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Bradford Council leader: Birth rate boosts district population
Sex is the main driver behind the district’s population boom, according to the leader of Bradford Council.
There will be an estimated 44,400 extra people living in the district by 2021, according to a new report drawn up by officers at Bradford Council.
Yesterday, the Telegraph & Argus revealed the strain this is expected to put on the district’s public services.
While many people think of immigration as the main cause of population growth, this is not the case in Bradford, with more people leaving the district than arriving, the report has revealed.
A high birth rate, and an elderly population living longer, are adding more to the local headcount, although about a third of Bradford’s babies (32.4 per cent) are born to immigrant families.
When asked about the causes of the district’s population boom, Councillor David Green (Lab, Wibsey) said: “It’s sex. People are having more babies. Is immigration a factor over the period 2001 to 2011? Yes I believe it is one issue, but it’s not the only one and I think anybody who tries to make out it’s a clear-cut issue is in danger of over-simplifying it.
“Clearly there’s an issue about the growing birth rate and there’s some challenge created by immigration, but there’s also opportunities created by immigration.”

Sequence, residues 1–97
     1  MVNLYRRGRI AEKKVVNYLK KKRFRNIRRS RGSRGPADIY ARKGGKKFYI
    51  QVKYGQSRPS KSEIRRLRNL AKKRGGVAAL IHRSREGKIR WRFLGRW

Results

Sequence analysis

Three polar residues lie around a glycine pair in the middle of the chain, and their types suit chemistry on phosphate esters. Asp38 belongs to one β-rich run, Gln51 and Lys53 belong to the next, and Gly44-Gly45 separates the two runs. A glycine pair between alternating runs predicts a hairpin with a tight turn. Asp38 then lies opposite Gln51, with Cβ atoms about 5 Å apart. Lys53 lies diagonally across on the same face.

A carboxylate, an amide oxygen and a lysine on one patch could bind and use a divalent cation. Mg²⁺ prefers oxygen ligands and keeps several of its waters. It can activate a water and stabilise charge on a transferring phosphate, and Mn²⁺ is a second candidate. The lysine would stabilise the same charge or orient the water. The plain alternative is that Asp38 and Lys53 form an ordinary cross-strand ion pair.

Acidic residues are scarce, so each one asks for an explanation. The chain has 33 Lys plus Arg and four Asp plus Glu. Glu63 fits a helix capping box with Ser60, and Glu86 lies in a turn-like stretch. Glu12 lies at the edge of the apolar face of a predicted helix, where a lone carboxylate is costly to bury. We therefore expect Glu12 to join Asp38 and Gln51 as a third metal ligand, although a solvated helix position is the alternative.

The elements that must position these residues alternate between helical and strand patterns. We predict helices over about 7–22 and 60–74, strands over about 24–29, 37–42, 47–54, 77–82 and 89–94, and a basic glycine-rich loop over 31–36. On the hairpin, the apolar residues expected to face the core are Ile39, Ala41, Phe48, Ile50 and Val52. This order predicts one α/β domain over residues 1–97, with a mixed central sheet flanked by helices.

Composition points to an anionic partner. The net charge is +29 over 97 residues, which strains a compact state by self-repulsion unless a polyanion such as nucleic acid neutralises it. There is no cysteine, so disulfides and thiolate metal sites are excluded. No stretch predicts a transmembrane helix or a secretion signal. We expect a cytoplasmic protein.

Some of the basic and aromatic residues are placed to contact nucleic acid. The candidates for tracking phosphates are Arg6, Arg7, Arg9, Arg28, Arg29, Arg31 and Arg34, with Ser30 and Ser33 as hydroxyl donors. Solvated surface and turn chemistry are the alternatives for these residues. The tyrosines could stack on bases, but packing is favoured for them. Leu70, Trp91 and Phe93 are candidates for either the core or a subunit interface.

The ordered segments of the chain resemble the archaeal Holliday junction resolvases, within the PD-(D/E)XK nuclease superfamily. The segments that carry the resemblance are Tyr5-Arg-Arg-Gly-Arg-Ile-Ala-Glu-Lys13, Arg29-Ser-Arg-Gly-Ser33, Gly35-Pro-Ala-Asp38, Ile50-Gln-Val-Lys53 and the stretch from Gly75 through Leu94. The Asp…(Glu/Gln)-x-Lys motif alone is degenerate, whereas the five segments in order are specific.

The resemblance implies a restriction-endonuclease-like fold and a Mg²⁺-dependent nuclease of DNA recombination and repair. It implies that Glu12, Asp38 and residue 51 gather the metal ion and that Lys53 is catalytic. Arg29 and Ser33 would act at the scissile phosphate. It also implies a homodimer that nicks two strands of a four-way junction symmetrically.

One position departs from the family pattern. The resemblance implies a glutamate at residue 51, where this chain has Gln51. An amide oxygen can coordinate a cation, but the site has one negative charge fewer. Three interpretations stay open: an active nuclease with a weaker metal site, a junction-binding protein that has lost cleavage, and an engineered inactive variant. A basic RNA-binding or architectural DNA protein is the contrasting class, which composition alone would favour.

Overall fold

Net international migration brings about 1,500 extra people to the district each year, according to the Understanding Bradford District report.
But this is eclipsed by the number of people leaving the district to go and live elsewhere in the UK.
Each year about 17,500 people leave the district for other parts of the UK, while only 13,600 people move here from elsewhere in the UK.
This net loss is one of the biggest in the country.
And Coun Green thinks it is down to people leaving to find jobs elsewhere.
He said: “If you become unemployed in Bradford and you get a job somewhere else, you’re going to take it.”
He said students going to Bradford University and Bradford College tended to be local, so they could be having to move away once their courses had finished to find work.
Coun Glen Miller, leader of the Tory group, said he believed the people leaving the district were more often aged over 45.
He said often they had saved up enough money to move to the coast, or into the Dales.
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